Arthur C. Brooks, New York Times:
I was 16 years old when Reagan was first elected. If I could have voted, I certainly would not have voted for him. When I was growing up in Seattle, no one I knew could stand him. But his optimism had an effect on me. Despite all of my biases and influences, I wanted a leader with this optimistic attitude. Secretly, I was not sorry he won.
Reagan’s optimism should not be understood ideologically; it was simply about people and our potential. He possessed an unflinching belief that all people — the poor, children, the elderly — were human assets, waiting to be developed so they could earn their success.
In contrast, pessimists see people as liabilities to manage, as burdens or threats that we must minimize. This manifests itself on the political left when we construct welfare programs that fail to boost unemployed Americans back into the work force. On the right, it shows up in strains of anti-immigrant sentiment or throw-away-the-key criminal sentencing.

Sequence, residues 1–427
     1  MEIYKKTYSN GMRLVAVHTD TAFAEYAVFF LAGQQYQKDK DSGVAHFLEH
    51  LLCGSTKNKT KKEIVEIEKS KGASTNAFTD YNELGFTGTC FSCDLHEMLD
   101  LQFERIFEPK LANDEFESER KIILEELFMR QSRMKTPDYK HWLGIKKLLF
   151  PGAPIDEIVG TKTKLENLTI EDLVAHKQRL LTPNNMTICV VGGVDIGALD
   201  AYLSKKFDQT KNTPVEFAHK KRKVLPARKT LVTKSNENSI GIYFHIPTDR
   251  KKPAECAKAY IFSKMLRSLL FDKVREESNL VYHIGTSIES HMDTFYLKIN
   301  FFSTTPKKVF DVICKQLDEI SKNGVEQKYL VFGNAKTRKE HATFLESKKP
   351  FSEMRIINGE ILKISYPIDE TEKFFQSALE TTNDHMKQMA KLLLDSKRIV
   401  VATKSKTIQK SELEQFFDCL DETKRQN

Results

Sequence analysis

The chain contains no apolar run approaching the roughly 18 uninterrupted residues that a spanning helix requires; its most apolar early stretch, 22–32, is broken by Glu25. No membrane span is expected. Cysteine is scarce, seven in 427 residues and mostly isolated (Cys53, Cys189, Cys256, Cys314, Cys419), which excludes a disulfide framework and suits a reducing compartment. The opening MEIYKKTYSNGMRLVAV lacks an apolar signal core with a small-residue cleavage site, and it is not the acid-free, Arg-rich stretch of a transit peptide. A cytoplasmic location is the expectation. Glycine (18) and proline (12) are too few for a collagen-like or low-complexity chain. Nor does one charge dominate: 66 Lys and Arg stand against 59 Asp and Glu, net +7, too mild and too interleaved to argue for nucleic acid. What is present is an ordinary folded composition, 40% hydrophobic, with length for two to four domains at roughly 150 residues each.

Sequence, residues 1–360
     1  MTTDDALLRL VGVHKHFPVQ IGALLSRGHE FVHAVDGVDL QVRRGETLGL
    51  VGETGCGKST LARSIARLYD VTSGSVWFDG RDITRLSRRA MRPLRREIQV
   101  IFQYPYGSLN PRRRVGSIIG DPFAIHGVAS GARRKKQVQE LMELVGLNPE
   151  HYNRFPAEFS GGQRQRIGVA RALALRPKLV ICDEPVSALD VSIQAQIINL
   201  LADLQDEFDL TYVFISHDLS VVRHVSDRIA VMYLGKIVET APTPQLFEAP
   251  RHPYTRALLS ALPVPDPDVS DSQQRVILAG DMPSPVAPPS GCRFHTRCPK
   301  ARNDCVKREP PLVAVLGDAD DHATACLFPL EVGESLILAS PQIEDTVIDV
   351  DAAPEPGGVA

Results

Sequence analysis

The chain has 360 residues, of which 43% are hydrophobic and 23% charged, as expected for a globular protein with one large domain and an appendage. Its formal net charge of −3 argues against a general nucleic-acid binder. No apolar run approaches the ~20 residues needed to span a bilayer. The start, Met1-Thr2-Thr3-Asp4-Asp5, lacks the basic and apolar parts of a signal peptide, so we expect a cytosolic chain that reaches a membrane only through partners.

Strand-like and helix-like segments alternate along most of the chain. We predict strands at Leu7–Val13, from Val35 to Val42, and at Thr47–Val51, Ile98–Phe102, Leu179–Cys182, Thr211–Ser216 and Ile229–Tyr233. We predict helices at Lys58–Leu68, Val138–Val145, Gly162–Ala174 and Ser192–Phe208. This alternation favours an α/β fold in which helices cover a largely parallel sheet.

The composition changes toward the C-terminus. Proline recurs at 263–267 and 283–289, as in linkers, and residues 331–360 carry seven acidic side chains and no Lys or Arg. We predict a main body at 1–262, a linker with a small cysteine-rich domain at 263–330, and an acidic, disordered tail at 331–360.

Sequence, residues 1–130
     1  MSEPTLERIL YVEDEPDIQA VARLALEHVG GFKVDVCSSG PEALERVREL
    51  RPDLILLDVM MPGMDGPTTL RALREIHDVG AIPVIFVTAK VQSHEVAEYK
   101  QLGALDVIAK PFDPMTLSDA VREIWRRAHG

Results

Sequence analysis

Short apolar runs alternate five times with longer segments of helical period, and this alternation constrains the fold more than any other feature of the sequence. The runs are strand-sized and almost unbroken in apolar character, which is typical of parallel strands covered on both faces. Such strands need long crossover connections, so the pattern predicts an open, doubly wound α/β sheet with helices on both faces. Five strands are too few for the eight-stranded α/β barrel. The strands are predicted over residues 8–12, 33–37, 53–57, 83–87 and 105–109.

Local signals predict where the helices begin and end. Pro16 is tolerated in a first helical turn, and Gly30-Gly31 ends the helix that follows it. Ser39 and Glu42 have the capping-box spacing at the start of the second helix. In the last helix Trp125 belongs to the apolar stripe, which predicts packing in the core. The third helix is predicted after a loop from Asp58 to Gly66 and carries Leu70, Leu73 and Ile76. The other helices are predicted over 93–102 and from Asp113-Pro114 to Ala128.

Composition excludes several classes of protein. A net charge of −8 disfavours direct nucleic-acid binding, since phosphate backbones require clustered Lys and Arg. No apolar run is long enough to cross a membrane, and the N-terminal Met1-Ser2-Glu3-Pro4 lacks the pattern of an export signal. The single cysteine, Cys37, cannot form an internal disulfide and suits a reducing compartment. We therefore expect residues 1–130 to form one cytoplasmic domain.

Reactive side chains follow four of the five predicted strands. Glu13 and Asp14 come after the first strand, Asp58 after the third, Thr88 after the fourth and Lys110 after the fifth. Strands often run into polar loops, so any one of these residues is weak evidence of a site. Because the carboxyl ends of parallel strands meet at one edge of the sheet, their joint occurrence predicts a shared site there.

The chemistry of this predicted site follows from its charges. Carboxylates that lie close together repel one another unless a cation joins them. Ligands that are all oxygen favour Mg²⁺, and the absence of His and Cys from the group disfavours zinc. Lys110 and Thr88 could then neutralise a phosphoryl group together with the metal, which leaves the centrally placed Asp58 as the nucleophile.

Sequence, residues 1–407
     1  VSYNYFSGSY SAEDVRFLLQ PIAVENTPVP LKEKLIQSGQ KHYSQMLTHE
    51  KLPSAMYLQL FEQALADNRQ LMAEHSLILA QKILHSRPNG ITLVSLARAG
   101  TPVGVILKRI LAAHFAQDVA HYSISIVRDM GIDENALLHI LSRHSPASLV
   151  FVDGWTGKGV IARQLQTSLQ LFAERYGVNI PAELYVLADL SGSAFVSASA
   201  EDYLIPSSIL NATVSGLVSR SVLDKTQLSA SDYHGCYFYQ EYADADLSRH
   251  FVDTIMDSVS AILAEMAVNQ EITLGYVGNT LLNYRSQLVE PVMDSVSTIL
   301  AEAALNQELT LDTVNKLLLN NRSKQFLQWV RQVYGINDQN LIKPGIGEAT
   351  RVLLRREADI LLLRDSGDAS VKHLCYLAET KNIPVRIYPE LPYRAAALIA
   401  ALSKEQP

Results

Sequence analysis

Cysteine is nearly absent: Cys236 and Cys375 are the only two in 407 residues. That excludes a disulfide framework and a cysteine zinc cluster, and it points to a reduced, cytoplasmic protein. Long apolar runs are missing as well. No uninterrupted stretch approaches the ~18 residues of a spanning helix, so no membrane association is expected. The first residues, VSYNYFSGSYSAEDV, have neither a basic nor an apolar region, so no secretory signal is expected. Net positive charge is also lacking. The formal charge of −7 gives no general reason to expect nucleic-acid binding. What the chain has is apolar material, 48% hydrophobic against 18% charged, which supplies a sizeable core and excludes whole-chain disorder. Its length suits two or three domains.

Millions of Americans are frustrated by the environment of competing pessimisms in Washington today. Some say it is a result of the fact that the parties have never been further apart ideologically. They hark back to better times when there was more overlap between Democrats and Republicans.
I disagree. Maximum progress would come not from convergence on an unsatisfying centrism, but from a true competition of optimistic visions for a better future. Research suggests that optimists can find solutions where pessimists do not. And while competing optimists may disagree, sometimes fiercely, they don’t mistake policy differences for a holy war.
But let’s say that competition does not occur. What happens if one side unilaterally breaks out of the current negative equilibrium? I predict it will see victory — especially if the other side doubles down on pessimism and division.